I have been working on these suggestions and hopefully you'll notice some improvements next time you visit, let me know. White space is a tricky issue as it varies depending on your screen's resolution but hopefully I have found a good balance. I have also moved some links for my older devotions and book reviews from my blog to my website.

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Friday, August 24, 2007

Devotional Thought : Nehemiah 5:15

But out of reverence for God I did not act like that. Nehemiah 5:15

The Pharisees created detailed lists of acceptable behaviour for those who wanted to follow God. Jesus was not impressed. He said to them, "Woe to you, teachers of the law and Pharisees, you hypocrites! You travel over land and sea to win a single convert, and when he becomes one, you make him twice as much a son of hell as you are." Matthew 23:15

Nehemiah had a simple standard of behaviour, "out of reverence for God". No long winded lists, no legalistic attitude but a sincere reverence for God. He wanted to please God in the way he lived, out of a sense of gratitude not obligation. We may have different ideas about what constitutes "reverence for God" and these ideas may vary from culture to culture but what God is looking for is our heart attitude. Are we seeking to please him? It does not concern God so much what we do as to why we do it.

"The fear of the Lord is the beginning of wisdom; all who follow his precepts have good understanding" Psalm 111:10. The "fear of the Lord" is not a fear of what God will do to us if we disobey but rather it is the "reverence" that Nehemiah talks about. God does not want us obeying him in order to earn "brownie points" or to avoid punishment. However he does want us to obey him out of respect for his omniscience, believing that he indeed does know what is best for us.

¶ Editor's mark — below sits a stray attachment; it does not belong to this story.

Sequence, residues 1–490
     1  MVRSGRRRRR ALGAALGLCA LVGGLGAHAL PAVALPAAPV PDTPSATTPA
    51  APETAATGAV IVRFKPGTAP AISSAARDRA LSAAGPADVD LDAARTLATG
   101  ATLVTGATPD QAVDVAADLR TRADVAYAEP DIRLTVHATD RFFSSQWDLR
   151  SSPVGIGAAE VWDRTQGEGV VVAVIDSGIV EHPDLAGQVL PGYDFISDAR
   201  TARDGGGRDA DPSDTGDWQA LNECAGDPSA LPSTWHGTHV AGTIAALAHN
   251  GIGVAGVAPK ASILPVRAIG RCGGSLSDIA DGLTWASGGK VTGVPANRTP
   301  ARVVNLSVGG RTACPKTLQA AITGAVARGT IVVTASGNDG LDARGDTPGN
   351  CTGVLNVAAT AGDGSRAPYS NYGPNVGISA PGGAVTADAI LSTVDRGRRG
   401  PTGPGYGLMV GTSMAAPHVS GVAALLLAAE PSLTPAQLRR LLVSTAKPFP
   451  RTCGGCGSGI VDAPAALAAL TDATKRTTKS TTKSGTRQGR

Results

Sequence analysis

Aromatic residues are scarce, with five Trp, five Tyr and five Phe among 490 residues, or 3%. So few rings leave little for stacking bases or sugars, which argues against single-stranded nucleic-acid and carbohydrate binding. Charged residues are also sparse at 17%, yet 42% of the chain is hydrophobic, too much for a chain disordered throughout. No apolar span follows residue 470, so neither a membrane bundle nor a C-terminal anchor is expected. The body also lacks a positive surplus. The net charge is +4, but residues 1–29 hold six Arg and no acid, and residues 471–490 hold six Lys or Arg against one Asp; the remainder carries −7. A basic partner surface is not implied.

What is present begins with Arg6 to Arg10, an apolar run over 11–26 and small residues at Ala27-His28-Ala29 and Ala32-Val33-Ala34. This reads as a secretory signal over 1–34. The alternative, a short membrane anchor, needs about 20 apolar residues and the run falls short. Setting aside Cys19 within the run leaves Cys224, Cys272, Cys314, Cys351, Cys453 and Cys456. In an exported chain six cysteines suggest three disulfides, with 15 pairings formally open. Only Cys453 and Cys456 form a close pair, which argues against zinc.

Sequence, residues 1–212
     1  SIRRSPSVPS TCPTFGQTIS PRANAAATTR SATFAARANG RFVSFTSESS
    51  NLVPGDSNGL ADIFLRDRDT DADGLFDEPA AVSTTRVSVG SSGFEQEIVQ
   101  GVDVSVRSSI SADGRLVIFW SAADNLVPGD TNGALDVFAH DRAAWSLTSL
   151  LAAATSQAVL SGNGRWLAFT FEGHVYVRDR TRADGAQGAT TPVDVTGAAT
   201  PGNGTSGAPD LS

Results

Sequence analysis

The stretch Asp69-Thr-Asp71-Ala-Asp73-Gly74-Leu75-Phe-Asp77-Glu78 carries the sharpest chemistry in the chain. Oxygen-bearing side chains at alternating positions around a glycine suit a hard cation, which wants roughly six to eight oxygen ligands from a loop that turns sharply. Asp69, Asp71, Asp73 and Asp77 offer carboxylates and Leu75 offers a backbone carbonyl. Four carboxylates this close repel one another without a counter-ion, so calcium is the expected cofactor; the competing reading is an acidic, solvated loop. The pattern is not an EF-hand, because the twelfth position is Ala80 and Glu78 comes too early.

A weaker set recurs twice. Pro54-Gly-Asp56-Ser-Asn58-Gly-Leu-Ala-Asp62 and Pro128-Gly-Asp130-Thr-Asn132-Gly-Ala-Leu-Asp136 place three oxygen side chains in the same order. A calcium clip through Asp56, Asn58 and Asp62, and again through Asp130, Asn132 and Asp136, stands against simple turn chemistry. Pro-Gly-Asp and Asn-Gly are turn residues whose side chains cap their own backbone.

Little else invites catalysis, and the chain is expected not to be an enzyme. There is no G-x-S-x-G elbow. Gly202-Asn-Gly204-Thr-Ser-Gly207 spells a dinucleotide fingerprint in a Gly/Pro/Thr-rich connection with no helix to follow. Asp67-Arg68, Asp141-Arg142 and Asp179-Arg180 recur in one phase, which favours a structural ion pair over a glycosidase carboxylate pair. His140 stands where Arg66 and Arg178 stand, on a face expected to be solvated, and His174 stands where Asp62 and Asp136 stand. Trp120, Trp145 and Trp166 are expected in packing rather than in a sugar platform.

Our attitude should be one of living in a way that is pleasing to him, remembering his precepts are for our benefit.

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Tuesday, August 21, 2007

Book Review : The Colour of Courage

The Colour of Courage : two years by packhorse along Australia's National Trail by Sharon Muir Watson (Muir Publications, 1999) is the story of a once in a lifetime trip, beginning at Cooktown in northern Queensland on 12th May 1989 and ending at Healesville just north of Melbourne on 3rd March 1991. Sharon Muir Watson and Ken Roberts were the first people to undertake to travel the entire Bicentennial National Trail as it was so named in 1988 when the trail received a grant from the government. It was promoted as a recreational trail for horse riders, bushwalkers and cyclists. The trail is over 5000 kilometers in length. It winds its way along the Great Dividing Range down the east coast of Australia.

The book highlights many of the difficulties these two riders had, firstly in navigating the trail in its infancy with incomplete maps and secondly due to Sharon and Ken's inexperience in traveling long distances on horseback. Nevertheless it becomes an amazing adventure as their endurance levels are pushed to the limit and their survival skills severely tested. The book contains a lot of information for future riders but much of this was lost on me as I know so little about horses. I had hoped for a little romance in the book since Sharon and Ken only met a week before they began the ride and they are still together today!

Overall though it is a fascinating tale of a great journey.

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Monday, August 20, 2007

I'm back

... and if you are curious about my son's wedding click here

It was a good day, the sun shone and everything went off smoothly.

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Wednesday, August 15, 2007

Devotional Thought : Revelation 21:10-11

And he … showed me the Holy City, Jerusalem, coming down out of heaven from God. It shone with the glory of God, and its brilliance was like that of a very precious jewel, like a jasper, clear as crystal. Revelation 21:10-11